}

        executorService.shutdown();
        executorService.awaitTermination(60, TimeUnit.SECONDS);

        System.out.println("Final count is : " + synchronizedCounter.getCount());
    }
}

If you run the above program, it will produce the desired output of 1000. No race conditions occur and the final output is always consistent.

Note that the concept of Synchronization is always bound to an object. In the above case, multiple invocations of increment() method on the same object is not possible, but threads can safely call increment() method on different objects at the same time, and that will not result into a race condition.

In case of static methods, synchronization is associated with the Class object.

Synchronized Blocks

Java internally uses a so called intrinsic lock or monitor lock to manage thread synchronization. Every object has an intrinsic lock associated with it.

When a thread calls a synchronized method on an object, it automatically acquires the intrinsic lock for that object and releases it when the method exits. The lock release occurs even if the method throws an exception.

In case of static methods, the thread acquires the intrinsic lock for the Class object associated with the class, which is different from intrinsic lock for any instance of the class.

synchronized keyword can also be used as a block statement, but unlike synchronized method, synchronized statements must specify the object that provides the intrinsic lock -

public void increment() {
    // Synchronized Block - 

    // Acquire Lock
    synchronized (this) { 
        count = count + 1;
    }   
    // Release Lock
}

When a thread acquires the intrinsic lock on an object, other threads must wait until the lock is released. However, the thread that currently owns the lock can acquire it multiple times without any problem.

The idea of allowing a thread to acquire the same lock more than once is called Reentrant Synchronization.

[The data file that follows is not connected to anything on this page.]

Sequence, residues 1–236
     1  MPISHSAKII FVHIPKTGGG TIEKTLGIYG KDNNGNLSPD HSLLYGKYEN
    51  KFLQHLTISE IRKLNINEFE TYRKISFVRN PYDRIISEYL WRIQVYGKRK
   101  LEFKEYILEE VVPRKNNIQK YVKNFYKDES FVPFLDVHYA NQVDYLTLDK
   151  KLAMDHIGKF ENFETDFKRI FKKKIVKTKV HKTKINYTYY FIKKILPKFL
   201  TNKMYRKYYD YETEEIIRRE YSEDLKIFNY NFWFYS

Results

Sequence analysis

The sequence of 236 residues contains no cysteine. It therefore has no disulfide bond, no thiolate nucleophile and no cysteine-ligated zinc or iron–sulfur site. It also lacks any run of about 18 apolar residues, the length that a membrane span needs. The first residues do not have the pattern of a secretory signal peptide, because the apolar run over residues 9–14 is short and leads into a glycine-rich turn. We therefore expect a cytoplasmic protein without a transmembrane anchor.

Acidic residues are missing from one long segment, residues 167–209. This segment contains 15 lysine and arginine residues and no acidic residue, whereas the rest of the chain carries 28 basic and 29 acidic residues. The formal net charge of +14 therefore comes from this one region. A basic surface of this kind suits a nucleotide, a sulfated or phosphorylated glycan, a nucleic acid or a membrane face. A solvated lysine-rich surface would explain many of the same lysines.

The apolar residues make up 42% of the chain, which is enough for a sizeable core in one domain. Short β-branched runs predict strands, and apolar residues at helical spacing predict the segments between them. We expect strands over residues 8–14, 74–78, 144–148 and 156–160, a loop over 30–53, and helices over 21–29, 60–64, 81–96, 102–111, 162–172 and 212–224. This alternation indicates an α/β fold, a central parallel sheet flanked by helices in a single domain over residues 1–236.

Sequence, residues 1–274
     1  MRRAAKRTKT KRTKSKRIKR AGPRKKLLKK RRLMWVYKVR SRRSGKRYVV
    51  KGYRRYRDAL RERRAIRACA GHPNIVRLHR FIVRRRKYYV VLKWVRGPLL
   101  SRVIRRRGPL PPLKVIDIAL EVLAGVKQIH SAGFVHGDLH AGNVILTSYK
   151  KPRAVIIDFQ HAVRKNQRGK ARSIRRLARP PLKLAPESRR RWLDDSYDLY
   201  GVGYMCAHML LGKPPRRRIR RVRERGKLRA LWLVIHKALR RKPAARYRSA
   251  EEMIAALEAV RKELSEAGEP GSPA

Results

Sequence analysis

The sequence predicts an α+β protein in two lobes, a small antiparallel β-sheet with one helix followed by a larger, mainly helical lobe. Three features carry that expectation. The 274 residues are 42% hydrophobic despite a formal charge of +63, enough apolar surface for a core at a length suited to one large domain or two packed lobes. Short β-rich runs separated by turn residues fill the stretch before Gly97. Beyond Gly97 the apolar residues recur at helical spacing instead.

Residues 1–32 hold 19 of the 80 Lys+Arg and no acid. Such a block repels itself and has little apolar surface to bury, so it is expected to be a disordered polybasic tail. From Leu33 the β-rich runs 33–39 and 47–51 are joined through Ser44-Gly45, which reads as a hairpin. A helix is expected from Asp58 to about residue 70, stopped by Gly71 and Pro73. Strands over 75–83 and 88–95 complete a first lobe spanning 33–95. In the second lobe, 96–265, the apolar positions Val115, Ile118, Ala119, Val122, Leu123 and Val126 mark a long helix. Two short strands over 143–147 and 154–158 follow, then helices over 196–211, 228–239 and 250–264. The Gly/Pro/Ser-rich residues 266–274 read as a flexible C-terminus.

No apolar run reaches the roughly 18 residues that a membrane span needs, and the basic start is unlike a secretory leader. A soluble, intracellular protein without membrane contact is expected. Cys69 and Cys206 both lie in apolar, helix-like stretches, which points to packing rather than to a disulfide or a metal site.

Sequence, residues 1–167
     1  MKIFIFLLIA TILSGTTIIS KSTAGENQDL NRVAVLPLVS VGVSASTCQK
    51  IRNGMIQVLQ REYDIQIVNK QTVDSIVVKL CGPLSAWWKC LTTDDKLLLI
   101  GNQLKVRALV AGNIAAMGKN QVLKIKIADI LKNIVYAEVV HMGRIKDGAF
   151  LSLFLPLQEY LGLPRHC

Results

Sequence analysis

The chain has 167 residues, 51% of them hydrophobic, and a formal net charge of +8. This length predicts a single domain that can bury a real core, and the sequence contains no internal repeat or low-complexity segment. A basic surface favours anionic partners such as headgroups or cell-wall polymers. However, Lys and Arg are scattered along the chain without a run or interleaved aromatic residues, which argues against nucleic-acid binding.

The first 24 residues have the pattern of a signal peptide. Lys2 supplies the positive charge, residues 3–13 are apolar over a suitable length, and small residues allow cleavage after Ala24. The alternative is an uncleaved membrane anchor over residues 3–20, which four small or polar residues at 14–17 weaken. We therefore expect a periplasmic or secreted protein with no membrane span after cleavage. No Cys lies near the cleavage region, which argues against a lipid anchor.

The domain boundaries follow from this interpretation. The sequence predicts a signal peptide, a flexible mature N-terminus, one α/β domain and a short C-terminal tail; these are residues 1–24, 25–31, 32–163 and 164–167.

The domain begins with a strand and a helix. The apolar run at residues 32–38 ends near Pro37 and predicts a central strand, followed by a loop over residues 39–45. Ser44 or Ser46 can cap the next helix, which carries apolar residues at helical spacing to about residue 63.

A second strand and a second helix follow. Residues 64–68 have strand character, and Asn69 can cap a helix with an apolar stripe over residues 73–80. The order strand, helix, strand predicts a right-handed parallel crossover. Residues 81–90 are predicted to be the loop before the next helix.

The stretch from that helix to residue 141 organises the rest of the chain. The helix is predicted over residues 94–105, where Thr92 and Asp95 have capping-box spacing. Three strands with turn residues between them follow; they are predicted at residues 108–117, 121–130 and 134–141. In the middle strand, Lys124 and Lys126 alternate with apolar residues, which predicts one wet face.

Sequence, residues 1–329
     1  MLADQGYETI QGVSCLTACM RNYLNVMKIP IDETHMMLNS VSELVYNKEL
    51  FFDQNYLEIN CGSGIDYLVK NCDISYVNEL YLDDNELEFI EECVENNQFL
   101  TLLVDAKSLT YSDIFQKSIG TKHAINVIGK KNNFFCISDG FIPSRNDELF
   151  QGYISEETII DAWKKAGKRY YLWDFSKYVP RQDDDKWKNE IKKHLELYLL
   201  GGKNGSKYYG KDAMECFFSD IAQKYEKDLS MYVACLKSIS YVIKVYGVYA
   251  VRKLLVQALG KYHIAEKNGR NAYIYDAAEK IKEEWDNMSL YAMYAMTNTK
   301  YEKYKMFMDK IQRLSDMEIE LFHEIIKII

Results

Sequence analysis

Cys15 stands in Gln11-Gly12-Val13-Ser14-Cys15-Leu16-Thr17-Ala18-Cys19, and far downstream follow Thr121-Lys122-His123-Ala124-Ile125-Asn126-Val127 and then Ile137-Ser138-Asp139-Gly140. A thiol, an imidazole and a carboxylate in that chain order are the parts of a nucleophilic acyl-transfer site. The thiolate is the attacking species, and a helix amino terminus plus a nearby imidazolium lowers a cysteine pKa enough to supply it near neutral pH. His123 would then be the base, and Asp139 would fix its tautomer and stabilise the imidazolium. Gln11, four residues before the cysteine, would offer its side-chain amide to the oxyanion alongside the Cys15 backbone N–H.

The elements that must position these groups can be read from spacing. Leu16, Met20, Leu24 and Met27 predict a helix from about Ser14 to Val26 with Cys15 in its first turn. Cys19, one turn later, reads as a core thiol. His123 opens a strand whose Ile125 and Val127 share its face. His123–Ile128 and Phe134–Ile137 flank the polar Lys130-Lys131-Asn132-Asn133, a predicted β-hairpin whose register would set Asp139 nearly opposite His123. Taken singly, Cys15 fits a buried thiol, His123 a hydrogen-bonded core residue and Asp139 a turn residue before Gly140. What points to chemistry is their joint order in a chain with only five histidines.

Volatile Keyword

Volatile keyword is used to avoid memory consistency errors in multithreaded programs. It tells the compiler to avoid doing any optimizations to the variable. If you mark a variable as volatile, the compiler won’t optimize or reorder instructions around that variable.

Also, The variable’s value will always be read from the main memory instead of temporary registers.

Following is the same MemoryConsistencyError example that we saw in the previous section, except that, this time we have marked sayHello variable with volatile keyword.

public class VolatileKeywordExample {
    private static volatile boolean sayHello = false;

    public static void main(String[] args) throws InterruptedException {

        Thread thread = new Thread(() -> {
           while(!sayHello) {
           }

           System.out.println("Hello World!");

           while(sayHello) {
           }

           System.out.println("Good Bye!");
        });

        thread.start();

        Thread.sleep(1000);
        System.out.println("Say Hello..");
        sayHello = true;

        Thread.sleep(1000);
        System.out.println("Say Bye..");
        sayHello = false;
    }
}

Running the above program produces the desired output -

# Output
Say Hello..
Hello World!
Say Bye..
Good Bye!

Conclusion

In this tutorial, we learned about different concurrency issues that might arise in multi-threaded programs and how to avoid them using synchronized methods and blocks. Synchronization is a powerful tool but please note that unnecessary synchronization can lead to other problems like deadlock and starvation.

You can find all the code snippets used in this tutorial in my github repository. In the next blog post, we’ll learn how to use lock objects and atomic variables to avoid concurrency issues.

Thank you for reading. Please ask any doubts or questions in the comment section below.